Being a Thought Leader and Why it Matters: A Recruiter’s Perspective

words that apply to social media
Being a Thought Leader and Why it Matters: A Recruiter’s Perspective
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About the Author

Laura Machan

Laura Machan

Laura Machan is a Partner, Recruitment Solutions for a major human resources consulting firm based in Toronto, Ontario. Although she has been recruiting for quite a few years, she still gets a big thrill from calling someone to set up an interview and an even bigger thrill when she hears a happy dance as she tells them when their new job starts. Laura lives with her family in Oakville, where she has lived for over 25 years, and is a significant contributor to the Canadian Federation of University Women - Oakville and Women in Nuclear, Golden Horseshoe Chapter.

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I was at a session yesterday with a bunch of job seekers and a bunch of recruiters. The questions and suggestions were pretty interesting but one, in particular, stuck with me.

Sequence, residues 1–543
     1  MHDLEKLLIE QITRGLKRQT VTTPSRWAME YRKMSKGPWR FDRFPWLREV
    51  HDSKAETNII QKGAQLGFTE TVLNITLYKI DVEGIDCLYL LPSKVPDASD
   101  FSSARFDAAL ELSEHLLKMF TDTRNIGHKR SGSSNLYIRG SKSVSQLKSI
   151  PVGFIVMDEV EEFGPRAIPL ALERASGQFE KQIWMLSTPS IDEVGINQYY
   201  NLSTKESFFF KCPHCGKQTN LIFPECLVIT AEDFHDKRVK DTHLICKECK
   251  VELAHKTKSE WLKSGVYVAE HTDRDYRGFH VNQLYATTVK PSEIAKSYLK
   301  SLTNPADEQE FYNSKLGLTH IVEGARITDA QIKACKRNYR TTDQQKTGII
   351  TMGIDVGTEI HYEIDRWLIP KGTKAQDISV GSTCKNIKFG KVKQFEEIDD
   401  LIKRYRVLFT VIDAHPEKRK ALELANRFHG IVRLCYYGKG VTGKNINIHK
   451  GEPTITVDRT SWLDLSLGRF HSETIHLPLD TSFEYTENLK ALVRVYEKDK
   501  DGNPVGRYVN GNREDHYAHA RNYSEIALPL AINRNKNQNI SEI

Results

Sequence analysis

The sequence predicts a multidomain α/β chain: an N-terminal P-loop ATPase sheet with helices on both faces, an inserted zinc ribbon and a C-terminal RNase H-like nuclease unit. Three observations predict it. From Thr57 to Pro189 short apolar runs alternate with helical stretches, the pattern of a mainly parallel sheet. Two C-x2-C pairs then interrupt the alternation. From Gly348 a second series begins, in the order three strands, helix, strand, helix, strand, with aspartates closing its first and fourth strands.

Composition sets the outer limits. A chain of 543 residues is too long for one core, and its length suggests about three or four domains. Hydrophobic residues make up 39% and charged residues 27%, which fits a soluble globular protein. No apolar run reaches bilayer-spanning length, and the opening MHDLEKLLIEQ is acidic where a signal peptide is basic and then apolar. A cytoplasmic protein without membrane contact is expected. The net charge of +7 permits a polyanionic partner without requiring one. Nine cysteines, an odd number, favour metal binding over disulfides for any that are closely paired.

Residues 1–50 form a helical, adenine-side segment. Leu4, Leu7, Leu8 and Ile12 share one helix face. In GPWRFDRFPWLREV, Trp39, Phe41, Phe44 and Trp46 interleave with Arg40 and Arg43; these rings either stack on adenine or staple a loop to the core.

One of the facilitators suggested that part of managing your presence on social media should be to work on becoming a thought leader.

Woah … instant glaze over in the front row. A thought leader? What the heck is that and how could I become one when I don’t have a job?

We all have expertise in something. It could be a work skill, an industry, a community interest or a hobby.

Usually that interest drives us to look out for interesting articles in the press or on blogs. Instead of just keeping it to yourself, push it out. Almost everything we read on line has an upload button. It is pretty easy to post an item onto your LinkedIn or Facebook profile.

We put pictures of our dogs and our food on Facebook all the time. Why not do the same for articles?

This has several positive effects. When someone views your profile, it’s not just a list of your jobs. It shows what you are really interested in and gives you much more credibility as a subject matter expert.

It also says to the world that you respect your community by sharing information without being asked and more importantly, that you set aside time in your busy day to think about what others might be interested in.

You can’t buy that kind of positivity.

Don’t just read it, share it. That’s how you start on the path to becoming a thought leader.



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